HARRISBURG — The Pennsylvania Supreme Court has ruled that the addresses of public employees
are protected by a right to “informational privacy.”
comes in response to a right-to-know request first filed by Simon Campbell
several years ago when he sought the addresses of area school teachers to whom he claimed
to be planning to send political mailers.
ABC 27, over time Campbell filed another right-to-know request in which he was
able to access the city, state and ZIP code information of private citizens who
had previously filed right-to-know appeals. He still was not able to gain
any such data for employees of the Office of Open Records.
his attorney, right-to-know expert Craig Staudenmaier, openly viewed that
development as a “double-standard,” arguing that the information
of private citizens was being made more readily available than that of government
employees, according to court documents.
its decision, the state Supreme Court concluded that the right to informational
privacy “may not be violated unless outweighed by a public interest favoring
In an opinion
written by Judge Joseph M. Cosgrove, the court added that in all such instances a
balancing act must first be applied that weighs the benefit of public dissemination
against those of private interests.
During the proceedings, representatives for Campbell argued that addresses are already public through property and voting
records. They added that the “slippery slope” aspect of the law that stood to
exist would ultimately make it more difficult for citizens to hold their government
Staudenmaier compared the situation to a game of Jenga, where every block you pull out
weakens the overall structure of the foundation until it comes to totally collapse, according to ABC 27.
Office of Open
Records Executive Director Erik Arneson countered that the double standard
argument fell flat because the two requests in question were for entirely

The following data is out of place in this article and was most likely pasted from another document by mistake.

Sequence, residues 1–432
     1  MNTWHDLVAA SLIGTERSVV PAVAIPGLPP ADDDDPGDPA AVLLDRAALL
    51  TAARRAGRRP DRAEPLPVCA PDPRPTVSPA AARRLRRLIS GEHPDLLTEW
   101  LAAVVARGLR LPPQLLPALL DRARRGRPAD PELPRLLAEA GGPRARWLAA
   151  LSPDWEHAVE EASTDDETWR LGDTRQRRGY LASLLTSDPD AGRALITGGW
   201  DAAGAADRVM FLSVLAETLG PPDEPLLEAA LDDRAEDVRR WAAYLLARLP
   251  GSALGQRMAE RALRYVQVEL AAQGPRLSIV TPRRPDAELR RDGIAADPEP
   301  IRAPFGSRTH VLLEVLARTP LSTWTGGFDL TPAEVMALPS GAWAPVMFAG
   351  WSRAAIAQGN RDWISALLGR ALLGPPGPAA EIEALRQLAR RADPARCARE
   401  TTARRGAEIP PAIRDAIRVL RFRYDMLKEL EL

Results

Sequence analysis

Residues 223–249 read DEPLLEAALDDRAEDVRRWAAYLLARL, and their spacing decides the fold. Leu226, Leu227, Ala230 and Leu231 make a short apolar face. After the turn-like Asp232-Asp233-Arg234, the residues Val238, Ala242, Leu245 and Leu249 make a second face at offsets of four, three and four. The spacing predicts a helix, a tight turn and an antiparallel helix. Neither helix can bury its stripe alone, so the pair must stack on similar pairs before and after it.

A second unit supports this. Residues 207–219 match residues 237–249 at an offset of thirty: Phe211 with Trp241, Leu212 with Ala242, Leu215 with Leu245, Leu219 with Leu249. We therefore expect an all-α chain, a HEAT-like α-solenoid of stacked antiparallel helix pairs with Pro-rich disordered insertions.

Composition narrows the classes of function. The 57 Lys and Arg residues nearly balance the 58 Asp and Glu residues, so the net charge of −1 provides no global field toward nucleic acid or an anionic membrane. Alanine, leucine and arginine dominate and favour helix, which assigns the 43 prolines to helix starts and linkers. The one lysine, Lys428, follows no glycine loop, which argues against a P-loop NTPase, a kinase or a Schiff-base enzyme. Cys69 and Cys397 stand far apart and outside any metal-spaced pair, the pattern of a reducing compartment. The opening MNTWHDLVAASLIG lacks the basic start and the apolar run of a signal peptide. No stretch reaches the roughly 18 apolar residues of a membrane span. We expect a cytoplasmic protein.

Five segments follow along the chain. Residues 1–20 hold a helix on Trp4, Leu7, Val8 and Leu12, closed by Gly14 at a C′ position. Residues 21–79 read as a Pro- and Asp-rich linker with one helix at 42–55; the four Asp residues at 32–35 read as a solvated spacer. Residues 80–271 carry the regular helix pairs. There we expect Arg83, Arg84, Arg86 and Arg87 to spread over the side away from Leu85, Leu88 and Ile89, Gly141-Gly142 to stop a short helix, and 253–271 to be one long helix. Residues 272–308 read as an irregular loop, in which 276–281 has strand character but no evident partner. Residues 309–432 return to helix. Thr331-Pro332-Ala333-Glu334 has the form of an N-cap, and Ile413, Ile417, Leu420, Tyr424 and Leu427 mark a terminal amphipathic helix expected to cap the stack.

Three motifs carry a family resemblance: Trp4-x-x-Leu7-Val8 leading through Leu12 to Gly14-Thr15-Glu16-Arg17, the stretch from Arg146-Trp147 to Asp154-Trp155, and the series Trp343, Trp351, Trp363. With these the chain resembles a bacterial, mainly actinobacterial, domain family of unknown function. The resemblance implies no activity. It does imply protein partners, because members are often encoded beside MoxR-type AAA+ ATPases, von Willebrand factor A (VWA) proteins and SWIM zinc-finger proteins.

different sets of records. He added a public agency moving to release employee
information is quite different from releasing private citizens’ information
from public documents like appeals.
Arneson maintained that if any of the government employees had filed
right-to-know appeals as private citizens, the same information about them would
have been made publicly available, ABC 27 previously reported. He also said that public employee information like
addresses is already obtainable through other avenues.
A native of Great Britain, Campbell describes himself as a citizen
activist and believer in open and transparent government on his PARightToKnow website
reports he previously served on the Pennsbury, Bucks County School Board, and
during his time as a board member obtained and published the salaries and
benefit packages of teachers across the state.
also used the state’s open records law to pressure the Association of State
College and University Faculties to release salary and benefits information for
employees of its 14 state run institutions, eventually leading Association officials
to target him in a lawsuit, according to court records.
The case ended
in November of 2012 before making its way to the state Supreme Court after
Campbell pulled the plug on his crusade after investing $20,000 of his own
money in the long-simmering legal battle.